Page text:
Browsing by Subject "PEOPLE"

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  • Mietola, Reetta; Vehmas, Simo (2019)
    This paper discusses youth and the significance of age in the lives of persons with profound intellectual and multiple disabilities. The analysis is based on an ethnographic research project that explores what makes a good life for this group of people. The findings indicate that whilst the meaning and significance of youth and age were discussed often by care workers and family members, age had very little significance in the lives of our research participants. Youth as a phase of life gets lost in the transition from children's services to adult services: age in the lives of persons with profound intellectual disabilities means merely a move from one service system to another. For the care workers, age provides a way to evaluate and criticize the service system and whether it caters for the individual needs of persons with profound intellectual disabilities.
  • Tzoulas, Konstantinos; Galan, Juanjo; Venn, Stephen; Dennis, Matthew; Pedroli, Bas; Mishra, Himansu; Haase, Dagmar; Pauleit, Stephan; Niemelä, Jari; James, Philip (2021)
    This article provides a perspective on nature-based solutions. First, the argument is developed that nature-based solutions integrate social and ecological systems. Then, theoretical considerations relating to relational values, multifunctionality, transdisciplinarity, and polycentric governance are briefly outlined. Finally, a conceptual model of the social–ecological system of nature-based solutions is synthesised and presented. This conceptual model comprehensively defines the social and ecological external and internal systems that make up nature-based solutions, and identifies theoretical considerations that need to be addressed at different stages of their planning and implementation The model bridges the normative gaps of existing nature-based solution frameworks and could be used for consistent, comprehensive, and transferable comparisons internationally. The theoretical considerations addressed in this article inform practitioners, policymakers, and researchers about the essential components of nature-based solutions. The conceptual model can facilitate the identification of social and ecological interconnections within nature-based solutions and the range of stakeholders and disciplines involved.
  • Rapo-Pylkkö, Susanna; Haanpää, Maija; Liira, Helena (2017)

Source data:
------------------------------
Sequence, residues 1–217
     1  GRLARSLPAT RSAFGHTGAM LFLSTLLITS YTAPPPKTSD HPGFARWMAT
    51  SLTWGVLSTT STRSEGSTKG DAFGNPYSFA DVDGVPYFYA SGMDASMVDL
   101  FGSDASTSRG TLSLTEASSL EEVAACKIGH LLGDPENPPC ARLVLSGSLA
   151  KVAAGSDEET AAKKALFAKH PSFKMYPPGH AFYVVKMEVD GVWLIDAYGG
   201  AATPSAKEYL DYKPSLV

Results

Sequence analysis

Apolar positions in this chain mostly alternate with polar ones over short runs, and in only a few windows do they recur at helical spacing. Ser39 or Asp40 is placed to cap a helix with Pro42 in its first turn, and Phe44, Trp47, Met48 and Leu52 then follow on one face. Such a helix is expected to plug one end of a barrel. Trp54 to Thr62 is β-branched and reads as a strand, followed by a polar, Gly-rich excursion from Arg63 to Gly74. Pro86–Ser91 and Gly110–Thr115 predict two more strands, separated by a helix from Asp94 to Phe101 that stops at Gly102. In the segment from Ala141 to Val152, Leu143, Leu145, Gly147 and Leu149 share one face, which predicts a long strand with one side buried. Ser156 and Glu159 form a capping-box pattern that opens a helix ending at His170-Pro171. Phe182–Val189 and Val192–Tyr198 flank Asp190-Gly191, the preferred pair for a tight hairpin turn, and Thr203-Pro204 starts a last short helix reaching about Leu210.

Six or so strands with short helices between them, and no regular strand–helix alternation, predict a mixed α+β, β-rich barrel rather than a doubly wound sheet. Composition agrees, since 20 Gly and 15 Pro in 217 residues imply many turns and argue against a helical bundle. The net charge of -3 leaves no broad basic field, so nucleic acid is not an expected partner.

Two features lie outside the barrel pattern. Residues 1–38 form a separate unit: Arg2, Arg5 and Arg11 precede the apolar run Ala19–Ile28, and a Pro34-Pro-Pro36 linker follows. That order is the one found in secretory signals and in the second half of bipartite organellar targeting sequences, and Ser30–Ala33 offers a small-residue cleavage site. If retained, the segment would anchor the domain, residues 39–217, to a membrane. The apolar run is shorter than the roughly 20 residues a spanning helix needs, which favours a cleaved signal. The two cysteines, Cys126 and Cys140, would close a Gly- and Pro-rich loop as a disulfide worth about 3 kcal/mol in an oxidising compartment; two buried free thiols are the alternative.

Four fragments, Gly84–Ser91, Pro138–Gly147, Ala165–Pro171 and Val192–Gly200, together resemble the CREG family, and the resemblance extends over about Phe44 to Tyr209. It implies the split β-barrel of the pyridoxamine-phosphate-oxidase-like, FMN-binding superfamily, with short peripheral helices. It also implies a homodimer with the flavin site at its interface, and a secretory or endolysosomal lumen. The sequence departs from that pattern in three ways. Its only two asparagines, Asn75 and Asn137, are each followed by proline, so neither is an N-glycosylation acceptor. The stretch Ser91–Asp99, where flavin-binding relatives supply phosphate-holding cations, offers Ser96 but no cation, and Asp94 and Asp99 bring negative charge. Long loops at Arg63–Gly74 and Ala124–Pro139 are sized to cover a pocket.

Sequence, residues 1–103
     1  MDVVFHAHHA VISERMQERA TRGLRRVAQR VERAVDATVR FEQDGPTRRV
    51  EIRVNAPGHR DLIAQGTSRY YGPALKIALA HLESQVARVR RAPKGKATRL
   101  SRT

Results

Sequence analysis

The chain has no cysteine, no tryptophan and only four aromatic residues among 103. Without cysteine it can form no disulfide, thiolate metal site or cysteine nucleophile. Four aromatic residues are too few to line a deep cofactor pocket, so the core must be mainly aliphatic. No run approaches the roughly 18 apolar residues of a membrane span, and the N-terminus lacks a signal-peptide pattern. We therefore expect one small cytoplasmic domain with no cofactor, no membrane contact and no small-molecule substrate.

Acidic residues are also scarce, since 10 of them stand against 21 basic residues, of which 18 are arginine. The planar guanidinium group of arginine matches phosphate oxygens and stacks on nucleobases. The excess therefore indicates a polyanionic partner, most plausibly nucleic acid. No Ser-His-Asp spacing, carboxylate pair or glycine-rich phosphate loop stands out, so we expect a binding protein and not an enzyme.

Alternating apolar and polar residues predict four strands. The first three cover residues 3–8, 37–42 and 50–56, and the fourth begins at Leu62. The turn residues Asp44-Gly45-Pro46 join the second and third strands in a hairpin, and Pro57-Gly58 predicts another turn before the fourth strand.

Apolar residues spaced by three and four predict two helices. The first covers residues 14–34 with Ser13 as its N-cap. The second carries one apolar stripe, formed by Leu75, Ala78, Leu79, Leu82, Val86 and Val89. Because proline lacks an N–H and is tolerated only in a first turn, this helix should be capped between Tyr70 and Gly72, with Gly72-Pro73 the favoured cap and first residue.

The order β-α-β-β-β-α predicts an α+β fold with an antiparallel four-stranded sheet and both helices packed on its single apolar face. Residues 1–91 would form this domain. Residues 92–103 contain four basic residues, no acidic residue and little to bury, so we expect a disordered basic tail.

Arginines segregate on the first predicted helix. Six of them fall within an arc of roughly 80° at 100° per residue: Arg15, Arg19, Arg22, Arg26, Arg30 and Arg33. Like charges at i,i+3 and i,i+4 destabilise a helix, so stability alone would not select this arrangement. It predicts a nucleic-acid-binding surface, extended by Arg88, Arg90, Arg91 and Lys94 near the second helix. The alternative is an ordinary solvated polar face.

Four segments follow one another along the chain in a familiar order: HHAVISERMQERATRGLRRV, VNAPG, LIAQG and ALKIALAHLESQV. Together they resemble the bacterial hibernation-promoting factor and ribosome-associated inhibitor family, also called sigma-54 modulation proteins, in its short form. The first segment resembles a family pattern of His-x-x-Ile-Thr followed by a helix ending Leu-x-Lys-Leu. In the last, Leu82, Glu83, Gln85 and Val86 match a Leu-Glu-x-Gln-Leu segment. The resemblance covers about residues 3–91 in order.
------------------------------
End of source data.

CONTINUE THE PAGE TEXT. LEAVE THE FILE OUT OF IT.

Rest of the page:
Background: Chronic, mostly musculoskeletal pain is common among older adults. Little is known about the prognosis of chronic pain and the neuropathic pain qualities in older adults. We studied a cohort of community-dwelling older adults, clinically assessed their pain states, classified their type of pain (nociceptive, neuropathic or combined) and followed them up for a year. Methods: At baseline, a geriatrician clinically examined all study patients and classified their type of pain in collaboration with a pain specialist. Pain, quality of life and mental health were measured by questionnaires (BPI, GDS-15, BAI and SF-36) and reassessed after 1 year. Results: Despite chronic pain, all patients from the baseline cohort continued to live independently at 1 year. A total of 92 of 106 (87%) patients returned the follow-up questionnaire. Nociceptive pain on its own was present in 48 patients, whereas 44 patients also had neuropathic pain. Most patients (96%) had several pain states at baseline, and 13 patients reported a new pain state at follow-up. On average, there were no significant changes in the pain intensity, pain interference, mood or quality of life in either group between baseline and follow-up. Changes in pain were observed at the individual level, and both intensity and interference of pain at the follow-up had a negative correlation with the baseline value. Conclusions: On average, chronic pain was persistent in our patients, but they were able to live independently despite their pain. At the individual level, both relief and exacerbation of pain were observed, supporting the notion that pain is not inevitable and unremitting among older adults.
  • Koivisto, Maarit K.; Miettunen, Jouko; Levola, Jonna; Mustonen, Antti; Alakokkare, Anni-Emilia; Salom, Caroline L.; Niemelä, Solja (2022)